Distributed Empire

by Justin Clemens, Christopher Dodds, Adam Nash, commissioned for the 19th International Symposium of Electronic Art, 2013, Sydney and Darwin.

What's happening?


When you upload a selfie (self portrait using your camera phone), the DE web app displays your image and slowly composites (morphs) in realtime between your image and previously uploaded selfies, whilst in the background DE is performing an internet-wide image recognition search on your image. The results are then fed back into the DE webpage for further compositing between your and everybody else's image search results.

Artist Statement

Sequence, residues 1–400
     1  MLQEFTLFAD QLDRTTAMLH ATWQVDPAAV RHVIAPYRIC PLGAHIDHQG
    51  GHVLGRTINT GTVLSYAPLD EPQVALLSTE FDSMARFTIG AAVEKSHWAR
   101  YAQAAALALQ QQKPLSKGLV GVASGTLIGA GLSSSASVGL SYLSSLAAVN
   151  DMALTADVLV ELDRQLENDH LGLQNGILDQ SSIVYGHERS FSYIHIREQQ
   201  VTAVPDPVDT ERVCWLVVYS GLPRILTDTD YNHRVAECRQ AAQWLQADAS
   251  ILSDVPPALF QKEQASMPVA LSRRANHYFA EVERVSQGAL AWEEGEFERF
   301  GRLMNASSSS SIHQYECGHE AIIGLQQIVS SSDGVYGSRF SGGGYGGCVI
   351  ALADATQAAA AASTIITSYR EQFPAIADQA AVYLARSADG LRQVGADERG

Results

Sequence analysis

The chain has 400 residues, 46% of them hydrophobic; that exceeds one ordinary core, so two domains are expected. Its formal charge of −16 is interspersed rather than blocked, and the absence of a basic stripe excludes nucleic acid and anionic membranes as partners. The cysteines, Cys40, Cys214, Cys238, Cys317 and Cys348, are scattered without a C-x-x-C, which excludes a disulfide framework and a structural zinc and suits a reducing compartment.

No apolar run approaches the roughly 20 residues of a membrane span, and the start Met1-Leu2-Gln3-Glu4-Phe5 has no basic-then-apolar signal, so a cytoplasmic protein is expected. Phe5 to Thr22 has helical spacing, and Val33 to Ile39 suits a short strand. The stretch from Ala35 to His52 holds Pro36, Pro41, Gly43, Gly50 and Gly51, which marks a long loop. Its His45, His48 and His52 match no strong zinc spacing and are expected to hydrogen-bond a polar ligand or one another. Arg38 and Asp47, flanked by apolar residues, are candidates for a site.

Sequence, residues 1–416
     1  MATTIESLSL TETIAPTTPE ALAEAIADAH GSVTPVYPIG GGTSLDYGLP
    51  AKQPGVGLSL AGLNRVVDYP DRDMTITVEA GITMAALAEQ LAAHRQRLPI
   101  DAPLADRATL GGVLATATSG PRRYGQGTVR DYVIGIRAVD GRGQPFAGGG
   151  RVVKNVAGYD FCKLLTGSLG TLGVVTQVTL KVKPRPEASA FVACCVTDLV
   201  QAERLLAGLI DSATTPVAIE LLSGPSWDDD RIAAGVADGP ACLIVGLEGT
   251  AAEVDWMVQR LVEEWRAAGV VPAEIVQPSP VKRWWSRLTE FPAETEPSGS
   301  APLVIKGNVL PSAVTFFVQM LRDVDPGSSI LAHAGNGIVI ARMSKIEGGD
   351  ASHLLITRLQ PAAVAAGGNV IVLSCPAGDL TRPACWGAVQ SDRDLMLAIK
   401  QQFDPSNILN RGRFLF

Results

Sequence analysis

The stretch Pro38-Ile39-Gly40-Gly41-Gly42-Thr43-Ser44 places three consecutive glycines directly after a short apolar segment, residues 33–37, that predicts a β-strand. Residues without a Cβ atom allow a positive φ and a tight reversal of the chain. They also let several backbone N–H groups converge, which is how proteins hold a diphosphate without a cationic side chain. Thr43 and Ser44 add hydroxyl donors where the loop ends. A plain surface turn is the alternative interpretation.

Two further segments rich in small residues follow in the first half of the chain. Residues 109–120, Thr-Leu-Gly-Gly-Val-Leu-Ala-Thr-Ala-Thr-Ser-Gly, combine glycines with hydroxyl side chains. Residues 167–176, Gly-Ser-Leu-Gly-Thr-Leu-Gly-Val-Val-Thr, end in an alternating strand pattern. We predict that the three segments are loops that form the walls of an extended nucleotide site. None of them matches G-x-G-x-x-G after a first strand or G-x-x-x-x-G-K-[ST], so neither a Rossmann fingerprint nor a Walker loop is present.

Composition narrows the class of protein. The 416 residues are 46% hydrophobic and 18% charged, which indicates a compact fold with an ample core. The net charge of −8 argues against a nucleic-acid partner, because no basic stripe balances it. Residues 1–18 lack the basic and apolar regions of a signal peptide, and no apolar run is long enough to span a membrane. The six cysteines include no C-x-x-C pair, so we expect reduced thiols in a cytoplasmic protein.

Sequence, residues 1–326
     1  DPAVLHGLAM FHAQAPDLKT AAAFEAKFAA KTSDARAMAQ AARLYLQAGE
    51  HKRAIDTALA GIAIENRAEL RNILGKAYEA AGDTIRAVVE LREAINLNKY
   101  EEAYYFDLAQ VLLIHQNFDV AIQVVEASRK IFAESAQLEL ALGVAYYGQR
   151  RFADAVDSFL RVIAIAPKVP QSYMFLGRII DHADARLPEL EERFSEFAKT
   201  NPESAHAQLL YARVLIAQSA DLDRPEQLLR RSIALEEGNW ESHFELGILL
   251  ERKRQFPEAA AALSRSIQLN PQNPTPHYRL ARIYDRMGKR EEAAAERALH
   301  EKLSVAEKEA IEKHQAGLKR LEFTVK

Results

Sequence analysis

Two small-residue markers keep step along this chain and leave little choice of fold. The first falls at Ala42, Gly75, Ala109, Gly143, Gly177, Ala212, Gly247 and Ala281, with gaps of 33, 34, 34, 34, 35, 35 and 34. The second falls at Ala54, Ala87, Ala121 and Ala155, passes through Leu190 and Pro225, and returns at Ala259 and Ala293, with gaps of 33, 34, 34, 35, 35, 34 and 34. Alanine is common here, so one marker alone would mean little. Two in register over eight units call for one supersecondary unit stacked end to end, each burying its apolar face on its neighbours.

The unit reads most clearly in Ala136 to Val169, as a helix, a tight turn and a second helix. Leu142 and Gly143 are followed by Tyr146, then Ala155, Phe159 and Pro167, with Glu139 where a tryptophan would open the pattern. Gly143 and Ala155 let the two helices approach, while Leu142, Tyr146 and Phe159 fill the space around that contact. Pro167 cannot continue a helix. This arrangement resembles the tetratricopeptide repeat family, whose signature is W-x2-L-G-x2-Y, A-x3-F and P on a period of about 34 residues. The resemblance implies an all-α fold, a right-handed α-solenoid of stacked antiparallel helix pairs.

In the age of global networked data, nearly everyone in the developed world has signed away their rights to privacy in exchange for the privilege of tirelessly working, for free, to produce content for a handful of massive global data-capitalist corporations. All that is solid melts into data, and such corporations delete none of it, ever, yet present nothing but the right-now, erasing history and context, and replacing it with an endless parade of banal distraction. Our experience is presented back to us in a networked digital simulation so comprehensively distracting that it actually becomes our experience, an endless now without context, pure representation, the perfect visual medium for advertising nothing but itself. Big Brother is advertising to you and you alone. Promising self-empowerment, this perfect simulation delivers nothing but an impatient desire - a need - to produce more content for itself. Distributed Empire asks participants - in the gallery and online via social networks, websites and social apps - to consider our place and role within the global network of data capital and whether resistance is even possible. Endlessly recombining the input of participants in a state-of-the-art realtime morphing composition of bewitching audiovisuals, possible only with high speed networks, Distributed Empire highlights the fragile state of the global ego in the era of massively online narcissistic consumerism.